The life in Kononenko is a stupid eternity where you are chased by dwarfs. Traumatic monsters and unprocessed reincarnations. What chance, being an immigrant in America, to accidentally meet her ex-husband from Kyiv? In such a reality – 100%. What chance that in the company of three married couples one single woman is a lover to all the three married men? In such a reality – 100%. These original broths are cooked from the bones spoilt by the rotten exitance.
The story “Prague Chimaera”. A woman scientist arrives in Prague to participate in a conference and decides to stay in a city for a couple of days. The decision is not well-pondered: she is on a tight budget, she has no place to live in. At least, she has Prague! So she roams around the city, comes around a cafe and meets there her cousin from Moscow. Once they were close when a Kyivan was sent to Moscow after the explosion at Chernobyl, later their routes separated and here they are: in the overcrowded Prague. The sisters are called Marichka and Masha, we’ve got the hint at Doppelgänger. The hint at the catastrophe, too.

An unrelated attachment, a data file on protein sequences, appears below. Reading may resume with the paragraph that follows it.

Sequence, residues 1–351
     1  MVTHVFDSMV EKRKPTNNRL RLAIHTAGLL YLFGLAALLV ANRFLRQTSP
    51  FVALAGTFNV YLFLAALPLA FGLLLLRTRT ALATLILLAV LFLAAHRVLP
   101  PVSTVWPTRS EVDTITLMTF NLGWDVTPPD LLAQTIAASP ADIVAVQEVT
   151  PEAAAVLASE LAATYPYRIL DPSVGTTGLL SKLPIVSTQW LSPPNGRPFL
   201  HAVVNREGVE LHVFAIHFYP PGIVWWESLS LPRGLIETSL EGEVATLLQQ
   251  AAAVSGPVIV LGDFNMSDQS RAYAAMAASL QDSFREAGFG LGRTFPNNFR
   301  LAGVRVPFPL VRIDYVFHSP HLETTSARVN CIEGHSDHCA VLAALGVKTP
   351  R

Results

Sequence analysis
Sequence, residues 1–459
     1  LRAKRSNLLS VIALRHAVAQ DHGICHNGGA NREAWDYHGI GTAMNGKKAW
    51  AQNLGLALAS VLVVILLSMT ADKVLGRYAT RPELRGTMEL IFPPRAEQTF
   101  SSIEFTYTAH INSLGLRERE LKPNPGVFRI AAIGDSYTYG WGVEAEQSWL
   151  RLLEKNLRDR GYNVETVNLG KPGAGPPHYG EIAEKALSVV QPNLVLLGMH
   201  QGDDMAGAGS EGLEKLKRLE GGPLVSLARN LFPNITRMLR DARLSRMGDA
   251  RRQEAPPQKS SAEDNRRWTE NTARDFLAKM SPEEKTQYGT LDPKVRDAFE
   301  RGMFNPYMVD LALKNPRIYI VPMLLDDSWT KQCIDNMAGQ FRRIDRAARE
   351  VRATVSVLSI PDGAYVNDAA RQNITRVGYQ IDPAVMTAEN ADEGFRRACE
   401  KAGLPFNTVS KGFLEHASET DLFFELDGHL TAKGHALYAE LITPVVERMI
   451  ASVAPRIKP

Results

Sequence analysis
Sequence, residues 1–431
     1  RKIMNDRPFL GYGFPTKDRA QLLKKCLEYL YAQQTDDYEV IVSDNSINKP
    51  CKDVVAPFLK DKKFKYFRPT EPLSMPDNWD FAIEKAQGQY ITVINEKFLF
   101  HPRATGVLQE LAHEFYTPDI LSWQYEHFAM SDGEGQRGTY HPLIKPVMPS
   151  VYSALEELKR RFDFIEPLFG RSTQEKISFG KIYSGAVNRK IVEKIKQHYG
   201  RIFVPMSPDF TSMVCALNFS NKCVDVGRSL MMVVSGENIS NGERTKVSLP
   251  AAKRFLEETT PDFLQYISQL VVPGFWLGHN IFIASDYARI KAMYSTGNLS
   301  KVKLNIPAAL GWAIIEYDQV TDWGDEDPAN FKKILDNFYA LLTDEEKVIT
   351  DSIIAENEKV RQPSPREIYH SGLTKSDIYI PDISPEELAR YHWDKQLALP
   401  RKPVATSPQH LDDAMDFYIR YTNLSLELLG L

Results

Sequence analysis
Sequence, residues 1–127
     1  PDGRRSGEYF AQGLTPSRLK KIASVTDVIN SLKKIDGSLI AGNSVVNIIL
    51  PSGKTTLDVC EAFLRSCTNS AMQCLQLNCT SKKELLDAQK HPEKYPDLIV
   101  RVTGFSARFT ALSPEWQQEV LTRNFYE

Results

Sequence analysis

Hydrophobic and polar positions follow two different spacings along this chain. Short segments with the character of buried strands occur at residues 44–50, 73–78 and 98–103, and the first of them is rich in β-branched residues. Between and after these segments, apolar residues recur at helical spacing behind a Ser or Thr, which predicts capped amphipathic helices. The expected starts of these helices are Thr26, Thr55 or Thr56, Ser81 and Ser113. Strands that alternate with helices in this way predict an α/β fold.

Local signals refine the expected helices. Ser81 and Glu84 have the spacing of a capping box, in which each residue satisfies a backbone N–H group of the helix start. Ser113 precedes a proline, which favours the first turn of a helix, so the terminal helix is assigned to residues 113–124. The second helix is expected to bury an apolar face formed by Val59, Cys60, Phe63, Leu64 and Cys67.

Masha rents an apartment where a chimaera from the neighbouring house peeks in the windows, a grandfather clock noisily, terribly noisily, strikes in the living room. Yet in that apartment, there is a closed room, to which Marichka is forbidden. Masha leaves the city for several days, leaving her sister face-to-face with reminiscent of their youth and this taboo. You got the hint at the fairy tale plot about the transition from the world of the living to the world of the dead. And it’s clear what Marichka does on the spot: she goes to the secret room – the door is closed behind her, she is trapped. And the thought comes to mind that the door must open when a chimaera in front is ablaze with moonlight and the father clock strikes the midnight. She has time to analyze herself.